If you're like us, and/or any New Yorker that spends some of their free time and all of their money at restaurants, then you probably have this magical farm outside of town on your hit list. We most definitely did, and we finally made an Infatuation Field Trip out of the city to check it out. Here's what we can tell you that you don't already know: not much. Blue Hill at Stone Barns is outstanding. But while you might already know the facts, you don't have Infatuation perspective on the place, and that's really all that matters isn't it? Let's discuss.
New York City has developed quite the obsession with local and sustainable food over the last few years. Ramps show up for the first time of the season at The Union Square Greenmarket, and people buzz about it like someone just figured out time travel. Every year. Those kind of people and that kind of culture has to exist for a place like Blue Hill to be truly appreciated. If you still eat more Fruit By The Foot than actual fruit, this might not be the best way for you to spend a few hundred bucks and four hours of your life. But if you're the type of person that desperately wants to meet a pig in person and then eat it, rent a car.
As for the facts, you probably know that chef and owner Dan Barber is a badass. You probably also know that the majority of what you eat at Blue Hill comes from the farm that the restaurant is situated on. This makes for an incredible meal that you leave in the chef's hands, known as the Farmer's Feast. It's a marathon of a dinner (ours lasted well into the next morning and we sat at 9:00), but it will blow your mind. The quality of the ingredients and the creativity in which they are presented is unparalleled, and as good as advertised. What really impressed us though, was the attention to the experience as a whole, and the over-the-top efforts that the staff made to ensure that we learned something. Want to know what was in that incredible brioche thing you just had? Suddenly some dude comes out of nowhere and puts a bowl of grains and an ostrich egg on the table. Curious about that watercress? It just so happens that the poor kid that picked it this morning is putting in a shift at the restaurant just so he can serve it to you. That's dedication to the cause, and it's executed with class on all levels. We highly recommend that you make your own field trip to Stone Barns, and if you want to get the most out of your journey, we suggest going well ahead of your reservation time. Roam the grounds, have a drink on the terrace, maybe help that kid pick some watercress. He looked like he could use it.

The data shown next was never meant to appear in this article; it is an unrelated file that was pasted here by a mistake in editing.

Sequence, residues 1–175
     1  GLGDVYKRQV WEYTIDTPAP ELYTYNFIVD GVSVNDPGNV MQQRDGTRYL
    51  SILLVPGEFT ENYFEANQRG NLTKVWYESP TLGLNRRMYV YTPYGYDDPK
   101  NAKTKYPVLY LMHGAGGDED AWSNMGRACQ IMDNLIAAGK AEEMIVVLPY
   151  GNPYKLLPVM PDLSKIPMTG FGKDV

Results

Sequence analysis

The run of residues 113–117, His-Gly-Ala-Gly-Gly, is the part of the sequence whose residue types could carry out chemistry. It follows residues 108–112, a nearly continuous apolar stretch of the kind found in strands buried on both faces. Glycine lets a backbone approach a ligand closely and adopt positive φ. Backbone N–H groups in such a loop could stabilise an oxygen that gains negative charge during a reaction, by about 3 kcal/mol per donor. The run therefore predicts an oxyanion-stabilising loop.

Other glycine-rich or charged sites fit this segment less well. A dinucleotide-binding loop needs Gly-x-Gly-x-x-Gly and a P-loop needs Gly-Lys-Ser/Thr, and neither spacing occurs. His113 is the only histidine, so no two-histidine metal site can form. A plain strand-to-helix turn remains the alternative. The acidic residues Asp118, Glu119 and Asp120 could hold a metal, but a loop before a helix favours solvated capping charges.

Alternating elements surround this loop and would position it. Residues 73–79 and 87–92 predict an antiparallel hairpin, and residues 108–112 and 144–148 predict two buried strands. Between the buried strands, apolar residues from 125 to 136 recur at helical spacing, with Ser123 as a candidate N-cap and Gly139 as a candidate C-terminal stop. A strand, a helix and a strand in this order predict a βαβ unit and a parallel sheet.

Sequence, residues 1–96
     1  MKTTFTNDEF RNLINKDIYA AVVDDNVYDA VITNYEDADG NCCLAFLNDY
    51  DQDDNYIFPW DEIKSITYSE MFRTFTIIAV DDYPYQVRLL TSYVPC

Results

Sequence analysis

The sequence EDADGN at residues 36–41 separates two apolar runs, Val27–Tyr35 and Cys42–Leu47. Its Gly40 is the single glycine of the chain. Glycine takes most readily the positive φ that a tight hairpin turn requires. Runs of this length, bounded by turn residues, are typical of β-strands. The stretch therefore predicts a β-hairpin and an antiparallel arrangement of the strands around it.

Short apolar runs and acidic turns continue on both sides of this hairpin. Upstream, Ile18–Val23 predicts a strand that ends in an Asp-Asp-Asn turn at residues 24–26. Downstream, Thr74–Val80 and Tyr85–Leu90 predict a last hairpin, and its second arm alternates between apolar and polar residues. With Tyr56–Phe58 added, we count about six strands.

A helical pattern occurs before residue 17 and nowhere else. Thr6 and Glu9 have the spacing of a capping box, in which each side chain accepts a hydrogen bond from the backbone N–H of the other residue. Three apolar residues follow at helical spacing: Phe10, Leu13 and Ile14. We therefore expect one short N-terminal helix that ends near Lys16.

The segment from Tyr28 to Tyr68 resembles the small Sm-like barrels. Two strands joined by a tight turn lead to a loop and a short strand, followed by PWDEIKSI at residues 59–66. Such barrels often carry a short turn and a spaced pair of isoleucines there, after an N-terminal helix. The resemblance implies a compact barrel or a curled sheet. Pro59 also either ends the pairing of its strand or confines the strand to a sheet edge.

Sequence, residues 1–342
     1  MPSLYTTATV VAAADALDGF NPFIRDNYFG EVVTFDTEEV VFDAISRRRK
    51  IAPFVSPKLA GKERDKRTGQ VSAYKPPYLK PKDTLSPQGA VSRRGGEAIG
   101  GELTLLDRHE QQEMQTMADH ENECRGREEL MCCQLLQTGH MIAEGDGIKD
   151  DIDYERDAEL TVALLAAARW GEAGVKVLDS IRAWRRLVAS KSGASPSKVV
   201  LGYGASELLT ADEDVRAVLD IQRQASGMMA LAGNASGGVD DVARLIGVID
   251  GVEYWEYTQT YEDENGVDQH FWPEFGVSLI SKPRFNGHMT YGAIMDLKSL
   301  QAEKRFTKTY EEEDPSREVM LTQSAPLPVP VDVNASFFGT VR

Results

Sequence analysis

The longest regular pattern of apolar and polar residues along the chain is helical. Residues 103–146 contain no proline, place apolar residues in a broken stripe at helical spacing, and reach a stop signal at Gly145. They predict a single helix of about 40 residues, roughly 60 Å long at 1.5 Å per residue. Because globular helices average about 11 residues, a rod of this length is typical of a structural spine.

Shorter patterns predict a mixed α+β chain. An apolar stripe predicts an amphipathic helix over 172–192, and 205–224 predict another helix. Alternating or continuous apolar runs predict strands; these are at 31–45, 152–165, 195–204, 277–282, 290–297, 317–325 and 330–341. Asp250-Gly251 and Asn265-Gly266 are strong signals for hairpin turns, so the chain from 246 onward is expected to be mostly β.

Something that is important to know for endurance purposes: If it wasn't put in front of you on your own plate, it probably doesn't count as a course. We were probably served five or six different things before we actually hit the main event, and the pre-game was awesome. Things kicked off with some fresh carrots and radishes, an amazing pancetta wrapped and sesame crusted asparagus, deep fried whole smelt, a charcuterie plate of veal salami and coppa, and tiny asparagus "burgers" that were sweet like an apple Jolly Rancher.
Not that a perfectly roasted veal bone needs anything on it, but caviar and coarse salt does not make it worse, that's for sure. It definitely makes it saltier, but we loved everything about it - including the handy bone scraping tool we were given.
This is the aforementioned dish that was followed by a short lesson on grains and why ostrich eggs are the perfect binder for said grains. Red Fife is a kind of wheat, and this was basically a perfect, dense piece of fresh bread made from the stuff, and topped with fresh ricotta cheese. So buttery, and so good.
It feels strange to be writing about what was essentially our bread basket, but we need to discuss carrot salt, which is a powdered carrot mixed with salt. It's bright orange, and it makes fresh baked bread taste even better. It's actually so good that I've been trying to figure out how to powder a carrot in my apartment for the last week and all I have to show for it are orange fingers and failure.
This was a small bowl of incredibly good soup with shrimp, mussels and clams. At the beginning of your feast, the server will ask you what you don't like or can't eat, and they'll plan accordingly. One person at our table received a mushroom soup instead of the shellfish, and it was also awesome. Impressive.
Asparagus is in season, and we had A LOT of it while we were at Blue Hill. Almost too much. This dish was incredible though. The crab was some of the sweetest crab we've ever tasted.
This one came with another lecture about eggs, and why a pullet egg is so good. Unfortunately it was like two in the morning at that point, and I remember nothing other than breaking the egg into the fresh vegetable broth and being very happy.
A tightly wrapped, thin cannelloni with asparagus, which is then dusted with the shavings from a dried and cured embryonic egg. It looks pretty gross, but it tastes a bit like a rich and salty cheese. This was one of my favorite dishes.
We were actually a bit disappointed that our meal was light on the pig. I had sort of imagined going into the barn, picking one out, and riding him into the kitchen. Maybe next time. At any rate, this was an unbelievable cut of pork served with a sliver of pork fat and some of the best carrots I've ever had.